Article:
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Comparing Positive to Negative Shapes in Direct Watercolor

May 22, 2018

Here are two ways a painter can see an object: A: as a positive shape, or B: a negative shape.

On the left, the silhouette of the horse. Simple eh? Easy :)

On the right, the silhouette reserved out of the background and then filled in with the ‘shadow mass’ of the horse.

I think you can see how the negative shape is more complex. You have a figure-ground relationship. The horse (the figure) interacts with the values in the background, and, there is the implication of falling light, created by the white left over in-between.

Why do we care?

When painting directly in watercolor, sometimes leaving white negative spaces, is a very effective way to build up a scene. Water shapes have to stop somewhere! You can’t have wet edges touching willy nilly – or the drawing will lose clarity. You can use a negative silhouette to draw a shape, leaving dry paper for later – or – to put other shapes on top.

Here’s how I drew the Positive Horse.

I start with a Dot Plot. <read more about that]. This is a way I can do some measuring, but avoid making a committted underdrawing. What I’m sighting in on here is the base of the horse’s neck (the shoulders) , the point of the jaw, and the tip of the rump. (Now that I say this, it’s pretty similar to the way I suggest drawing people in this free download. <pdf).

After the dots, I might draw some lines – which I convert into shapes as I go. <Remember the previous demo]

Most people (me included) find this positive method fairly straightforward. It’s easy to undersand, and then you just have to master the mechanics. Brush dexterity, and mixing viscosity.

Here’s how I drew the negative horse.

Start with a dot plot. And then just put a value into everything that *ISN’T* the horse.

I don’t know why this is harder to execute on – but it often is for me. It should be just like drawing a white horse. But somehow, it is harder to visualize.

Also – you have to work faster. (You can tell I’m rushing by the out of focus photos). Anway – if you want the background to completely knit around the figure – with no unwanted hard edges in the fused wash – you have to use a larger brush (for more water) and keep the tone shapes moving, wet edge to edge – so they melt into each other.

There ought to be a third example, which I neglected to make – which is, of course, combining the two approaches.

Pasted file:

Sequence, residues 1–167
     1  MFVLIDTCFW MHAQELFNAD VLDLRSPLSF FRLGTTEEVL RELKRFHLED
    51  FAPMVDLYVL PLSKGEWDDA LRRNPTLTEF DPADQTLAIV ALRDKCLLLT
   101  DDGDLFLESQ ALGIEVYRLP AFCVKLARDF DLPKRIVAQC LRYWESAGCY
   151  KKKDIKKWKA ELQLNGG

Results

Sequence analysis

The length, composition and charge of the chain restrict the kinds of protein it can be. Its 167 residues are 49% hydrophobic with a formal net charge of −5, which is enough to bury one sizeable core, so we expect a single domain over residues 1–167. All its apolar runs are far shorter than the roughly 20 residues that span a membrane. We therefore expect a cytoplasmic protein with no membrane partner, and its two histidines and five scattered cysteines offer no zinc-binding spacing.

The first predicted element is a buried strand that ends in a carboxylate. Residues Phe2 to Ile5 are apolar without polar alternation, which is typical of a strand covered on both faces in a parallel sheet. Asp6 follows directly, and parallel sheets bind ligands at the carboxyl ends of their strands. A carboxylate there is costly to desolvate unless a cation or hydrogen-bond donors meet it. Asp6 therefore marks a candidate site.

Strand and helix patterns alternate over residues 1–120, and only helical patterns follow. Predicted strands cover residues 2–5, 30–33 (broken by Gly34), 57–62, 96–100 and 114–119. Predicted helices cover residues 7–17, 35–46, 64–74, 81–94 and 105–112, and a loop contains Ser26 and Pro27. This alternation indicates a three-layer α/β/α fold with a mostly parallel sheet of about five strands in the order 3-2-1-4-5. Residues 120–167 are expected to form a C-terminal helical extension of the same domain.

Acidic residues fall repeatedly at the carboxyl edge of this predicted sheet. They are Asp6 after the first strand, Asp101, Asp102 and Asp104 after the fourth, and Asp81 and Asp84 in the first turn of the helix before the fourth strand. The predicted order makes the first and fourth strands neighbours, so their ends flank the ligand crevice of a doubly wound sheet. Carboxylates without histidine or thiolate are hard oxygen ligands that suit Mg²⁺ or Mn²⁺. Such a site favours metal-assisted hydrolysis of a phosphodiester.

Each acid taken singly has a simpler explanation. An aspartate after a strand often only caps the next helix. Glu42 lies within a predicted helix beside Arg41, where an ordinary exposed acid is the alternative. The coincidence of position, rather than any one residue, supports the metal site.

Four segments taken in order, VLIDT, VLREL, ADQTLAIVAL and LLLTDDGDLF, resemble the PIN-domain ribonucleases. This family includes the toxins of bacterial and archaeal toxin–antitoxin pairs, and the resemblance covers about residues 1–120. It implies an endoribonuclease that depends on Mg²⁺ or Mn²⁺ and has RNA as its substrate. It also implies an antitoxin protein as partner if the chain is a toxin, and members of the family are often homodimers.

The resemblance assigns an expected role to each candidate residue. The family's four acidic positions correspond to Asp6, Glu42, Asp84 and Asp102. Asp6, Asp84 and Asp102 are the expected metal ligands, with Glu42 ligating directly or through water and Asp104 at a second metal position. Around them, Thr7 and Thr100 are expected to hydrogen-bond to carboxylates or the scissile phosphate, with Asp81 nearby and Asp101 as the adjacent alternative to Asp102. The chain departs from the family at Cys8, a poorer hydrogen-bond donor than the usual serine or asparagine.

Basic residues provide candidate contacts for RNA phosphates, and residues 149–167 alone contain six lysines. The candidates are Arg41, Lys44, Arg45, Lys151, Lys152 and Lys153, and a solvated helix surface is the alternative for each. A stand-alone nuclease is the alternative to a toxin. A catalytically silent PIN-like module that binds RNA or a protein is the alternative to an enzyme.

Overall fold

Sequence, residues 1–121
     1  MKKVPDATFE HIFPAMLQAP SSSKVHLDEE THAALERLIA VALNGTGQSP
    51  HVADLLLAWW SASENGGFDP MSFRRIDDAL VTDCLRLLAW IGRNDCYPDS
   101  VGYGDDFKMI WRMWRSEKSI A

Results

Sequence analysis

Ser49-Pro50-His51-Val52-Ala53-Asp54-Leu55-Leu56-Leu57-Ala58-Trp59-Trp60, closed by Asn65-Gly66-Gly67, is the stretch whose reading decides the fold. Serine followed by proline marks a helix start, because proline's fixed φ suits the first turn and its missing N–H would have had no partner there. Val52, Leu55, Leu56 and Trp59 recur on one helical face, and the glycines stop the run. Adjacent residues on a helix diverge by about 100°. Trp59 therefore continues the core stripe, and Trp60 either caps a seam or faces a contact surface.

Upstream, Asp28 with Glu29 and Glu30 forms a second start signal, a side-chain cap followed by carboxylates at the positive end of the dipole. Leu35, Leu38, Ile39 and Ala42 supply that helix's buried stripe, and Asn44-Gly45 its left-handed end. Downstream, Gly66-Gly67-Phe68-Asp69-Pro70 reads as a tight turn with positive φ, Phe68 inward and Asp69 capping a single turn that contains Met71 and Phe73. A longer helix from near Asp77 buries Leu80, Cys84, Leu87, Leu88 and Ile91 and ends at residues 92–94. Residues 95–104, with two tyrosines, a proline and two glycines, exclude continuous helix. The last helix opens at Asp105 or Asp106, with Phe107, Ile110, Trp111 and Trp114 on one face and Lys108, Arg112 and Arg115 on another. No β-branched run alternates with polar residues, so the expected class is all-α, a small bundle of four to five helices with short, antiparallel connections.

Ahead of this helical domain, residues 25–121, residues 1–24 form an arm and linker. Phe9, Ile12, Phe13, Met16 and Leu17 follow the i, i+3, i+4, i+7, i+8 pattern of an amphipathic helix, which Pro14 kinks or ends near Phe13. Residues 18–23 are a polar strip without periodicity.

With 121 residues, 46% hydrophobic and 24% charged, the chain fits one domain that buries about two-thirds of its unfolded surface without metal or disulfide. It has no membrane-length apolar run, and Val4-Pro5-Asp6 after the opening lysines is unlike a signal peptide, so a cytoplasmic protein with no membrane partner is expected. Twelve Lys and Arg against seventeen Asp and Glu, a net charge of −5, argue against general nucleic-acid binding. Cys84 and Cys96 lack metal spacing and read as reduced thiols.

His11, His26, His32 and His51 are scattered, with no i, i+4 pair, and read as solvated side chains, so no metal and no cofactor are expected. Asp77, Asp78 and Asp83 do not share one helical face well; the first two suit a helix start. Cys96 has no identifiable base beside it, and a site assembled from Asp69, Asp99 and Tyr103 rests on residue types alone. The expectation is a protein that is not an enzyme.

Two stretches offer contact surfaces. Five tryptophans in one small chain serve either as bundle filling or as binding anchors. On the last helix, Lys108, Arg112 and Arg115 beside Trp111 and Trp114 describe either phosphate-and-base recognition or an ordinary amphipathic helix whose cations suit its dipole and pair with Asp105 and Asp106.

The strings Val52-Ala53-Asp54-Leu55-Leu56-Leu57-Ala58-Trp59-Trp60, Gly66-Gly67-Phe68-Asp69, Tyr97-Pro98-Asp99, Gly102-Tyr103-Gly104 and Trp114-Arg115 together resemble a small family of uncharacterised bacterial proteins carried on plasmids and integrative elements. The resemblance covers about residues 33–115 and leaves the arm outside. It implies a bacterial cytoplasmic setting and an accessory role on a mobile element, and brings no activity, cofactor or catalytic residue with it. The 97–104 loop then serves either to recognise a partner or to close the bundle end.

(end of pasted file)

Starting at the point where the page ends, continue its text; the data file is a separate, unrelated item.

You could paint part of the subject in positive and the rest is negative. Say, you start the horse head in positive mode, then cut out the rest of the figure. In a way, I’ve done this here. The legs are little positive shapes (on top of that pale gold) holding up the body.

I will try to make an example of combined pos/neg approach (I would call counterchange). and stick it in here later.

Using this technique, you can build up a scene like a puzzle. Fitting silhouetted shapes together, positive next to negative until you have the composition.

Here’s a few older examples.

Can you see the Shape Puzzle underneath this sketch? How the houses are simple negatives cut out by the trees? (and then later filled in with some shadow – like the horse!).

I exaggerated the size of the trees, and simplified them into masses, so I could make a nice clear silhouette of this general store. Then I went back and put in the shadow shapes that make balconies and windows. But if you ignore that, it’s just a white horse cut out by background :)

Now you can really see the trick underneath rgiht? :) The metal roof of the barn is a huge negative shape, cut between the trees and the red wooden siding. Then we just add some shadows to the negative shape, and voila. You’re in Vermont.

Sometimes the trick is subtle. See the negative cutout of the farmhouse? (Which I filled in later with faded red). Now it’s obvious how I used the trees (re-composing, simplifying, silhouetting) in order to make the little house into a nice clean shape, which is the focus of all the compositional lines created by the other color blocks.

I kind of regret the smaller tree on the right. It looks like a bite taken out of the house. But oh well, we can’t fuss over plein air paintings.

Ok- that’s some food for thought for your #30x30DirectWatercolor2018!

We’re starting soon, a little over a week to go!



7 Comments leave one →
  1. Estelle DeRidder permalink
    May 22, 2018 10:35 AM

    Thank you for sharing the ‘figure/ground’ concept, Marc – – it is so valuable, and makes recording a subject so much more logical. . . albeit difficult. But once your’re used to using that approach, it’s heaven on earth. I enjoy your step-by-step explanation of using that system.

  2. May 22, 2018 3:34 PM

    Thank you for that tutorial Marc. Could you explain what the 30×30 Watercolor 2018 is? Is it open for other people to participate in?

  3. Annie permalink
    May 22, 2018 4:18 PM

    Many thanks for your examples and explanations, Marc, just what I needed for June 1st!

  4. Bernadette permalink
    May 22, 2018 5:12 PM

    Thanks for the lesson on negative painting. I’ll have to train my brain to see differently but believe the trial will be go great benefit….if I can work it out! I appreciate your patient guidance, helping make complex seem easier. Thank So!

  5. May 22, 2018 9:57 PM

    Fantastic. Thanks.

  6. tallboyone permalink
    May 23, 2018 7:11 PM

    This is how I feel when I see how good marc’s direct watercolor sequences are:

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